Big Four consultancy firms receive $640m a year to perform ‘day-to-day’ public service jobs

By Shannon Jenkins

Wednesday June 17, 2020

Adobe

Labor MP Julian Hill has called for an inquiry into what he describes as “privatisation of Australia’s public service by stealth”.

Hill on Wednesday said federal departments and agencies have been using consultancy firms to perform “day-to-day duties” rather than for actual consulting, due to huge cuts to the Australian Public Service.

“New analysis by the Australian National Audit Office (ANAO) has found that the Big Four consultancy firms — Deloitte, Ernst & Young, KPMG and PwC — now collectively reap $800 million a year in government contracts,” he said in a statement.

“But only 20% of that figure is spent on actual consultancy contracts, meaning the Morrison government is paying top dollar to large consultancy firms to work as contractors doing the day-to-day work of public servants.”

According to those figures, the firms would be receiving $640m annually to handle tasks that could be performed by bureaucrats.

Hill argued the current government has cut nearly 18,000 jobs from the APS since coming into power, which has led to “privatisation of Australia’s public service by stealth”.


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The Thodey review of the APS, released last year, found that the widespread use of external contractors and consultants was a key factor behind the decline in the capability of the APS, Hill noted.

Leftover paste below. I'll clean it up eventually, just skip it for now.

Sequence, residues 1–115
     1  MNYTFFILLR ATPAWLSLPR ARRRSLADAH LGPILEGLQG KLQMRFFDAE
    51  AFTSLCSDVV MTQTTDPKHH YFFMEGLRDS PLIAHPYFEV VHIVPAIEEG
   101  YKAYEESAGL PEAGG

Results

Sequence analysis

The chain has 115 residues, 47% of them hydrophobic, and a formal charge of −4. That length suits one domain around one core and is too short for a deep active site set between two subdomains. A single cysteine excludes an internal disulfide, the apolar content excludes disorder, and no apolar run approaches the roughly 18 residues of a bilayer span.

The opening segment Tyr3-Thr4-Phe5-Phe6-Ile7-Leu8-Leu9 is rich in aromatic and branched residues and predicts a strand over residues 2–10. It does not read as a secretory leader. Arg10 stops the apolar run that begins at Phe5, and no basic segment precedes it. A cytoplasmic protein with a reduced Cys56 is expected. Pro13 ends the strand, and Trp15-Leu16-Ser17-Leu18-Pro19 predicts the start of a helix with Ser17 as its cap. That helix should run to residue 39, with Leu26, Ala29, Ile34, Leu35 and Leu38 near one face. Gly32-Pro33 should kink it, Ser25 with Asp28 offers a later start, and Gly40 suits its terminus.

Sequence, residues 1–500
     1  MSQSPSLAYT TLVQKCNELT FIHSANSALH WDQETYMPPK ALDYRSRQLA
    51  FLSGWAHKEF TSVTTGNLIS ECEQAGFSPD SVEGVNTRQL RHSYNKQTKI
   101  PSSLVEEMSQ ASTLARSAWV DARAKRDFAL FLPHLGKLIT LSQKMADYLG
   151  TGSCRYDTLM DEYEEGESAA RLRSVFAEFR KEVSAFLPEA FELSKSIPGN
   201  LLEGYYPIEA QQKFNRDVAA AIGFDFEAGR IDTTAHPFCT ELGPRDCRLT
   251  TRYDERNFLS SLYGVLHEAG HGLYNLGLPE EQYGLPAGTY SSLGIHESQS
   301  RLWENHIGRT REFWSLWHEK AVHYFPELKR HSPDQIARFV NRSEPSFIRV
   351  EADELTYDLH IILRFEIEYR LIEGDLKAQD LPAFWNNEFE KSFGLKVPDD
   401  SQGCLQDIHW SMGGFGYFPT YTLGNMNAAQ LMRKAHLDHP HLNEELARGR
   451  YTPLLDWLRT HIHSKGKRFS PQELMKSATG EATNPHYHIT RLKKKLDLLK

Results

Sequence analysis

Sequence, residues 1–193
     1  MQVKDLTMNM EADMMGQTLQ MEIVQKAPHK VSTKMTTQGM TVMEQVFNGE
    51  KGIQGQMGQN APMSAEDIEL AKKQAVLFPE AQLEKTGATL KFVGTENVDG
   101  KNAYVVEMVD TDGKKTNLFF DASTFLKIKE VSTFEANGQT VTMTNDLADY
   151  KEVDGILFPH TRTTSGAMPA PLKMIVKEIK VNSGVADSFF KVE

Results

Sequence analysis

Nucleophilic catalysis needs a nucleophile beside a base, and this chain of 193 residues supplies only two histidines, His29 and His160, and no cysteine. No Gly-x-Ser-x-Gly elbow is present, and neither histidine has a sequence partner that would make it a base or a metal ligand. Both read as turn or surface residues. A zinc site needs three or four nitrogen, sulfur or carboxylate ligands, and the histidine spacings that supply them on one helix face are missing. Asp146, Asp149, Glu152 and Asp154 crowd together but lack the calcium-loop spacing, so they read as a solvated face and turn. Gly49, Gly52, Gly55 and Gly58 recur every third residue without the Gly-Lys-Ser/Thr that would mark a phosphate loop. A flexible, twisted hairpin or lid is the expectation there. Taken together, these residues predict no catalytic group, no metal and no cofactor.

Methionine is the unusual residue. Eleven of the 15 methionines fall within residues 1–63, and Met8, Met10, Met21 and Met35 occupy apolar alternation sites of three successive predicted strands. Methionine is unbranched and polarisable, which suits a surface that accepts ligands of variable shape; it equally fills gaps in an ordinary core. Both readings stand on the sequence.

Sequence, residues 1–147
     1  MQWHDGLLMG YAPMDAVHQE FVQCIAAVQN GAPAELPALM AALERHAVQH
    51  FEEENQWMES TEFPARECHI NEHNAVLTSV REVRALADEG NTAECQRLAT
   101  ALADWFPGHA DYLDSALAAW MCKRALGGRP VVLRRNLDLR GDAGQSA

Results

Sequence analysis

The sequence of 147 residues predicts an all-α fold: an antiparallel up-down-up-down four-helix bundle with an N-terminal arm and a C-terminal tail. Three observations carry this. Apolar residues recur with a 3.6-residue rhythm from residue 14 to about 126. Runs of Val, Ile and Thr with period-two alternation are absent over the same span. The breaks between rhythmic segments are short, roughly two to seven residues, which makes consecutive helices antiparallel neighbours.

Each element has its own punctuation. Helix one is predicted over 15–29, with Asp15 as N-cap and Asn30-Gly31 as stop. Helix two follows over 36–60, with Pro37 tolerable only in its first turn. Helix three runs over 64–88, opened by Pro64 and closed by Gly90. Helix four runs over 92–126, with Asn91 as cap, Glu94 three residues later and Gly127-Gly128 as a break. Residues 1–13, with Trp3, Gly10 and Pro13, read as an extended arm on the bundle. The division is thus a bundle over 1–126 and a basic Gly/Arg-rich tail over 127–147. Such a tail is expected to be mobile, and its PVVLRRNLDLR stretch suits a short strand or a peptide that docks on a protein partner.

The review — which was initiated by Malcolm Turnbull — raised concerns about the relationship between a growing external workforce and declining in-house capability.

It noted that while it’s impossible to have in-house expertise for absolutely everything, the use of external capability must be “strategic and well-informed”, and the APS must ensure that “all arrangements lead to a transfer of knowledge to the APS”.

“The APS needs to find the right balance between retaining and developing core in-house capability and leveraging external capability to ensure a sustainable and efficient operating model for the decades ahead,” it stated.

“Ministers, through their actions, not just words, will need to reiterate that deep expertise is important. Agencies will need to maintain and invest in core in-house capabilities. Managers will need to cultivate deep expertise in target areas.”

Hill has called for a public inquiry to look into the use of consultants, contractors and labour-hire firms in the commonwealth, in order to improve transparency and increase public awareness.


Read more: The cult of the consultant


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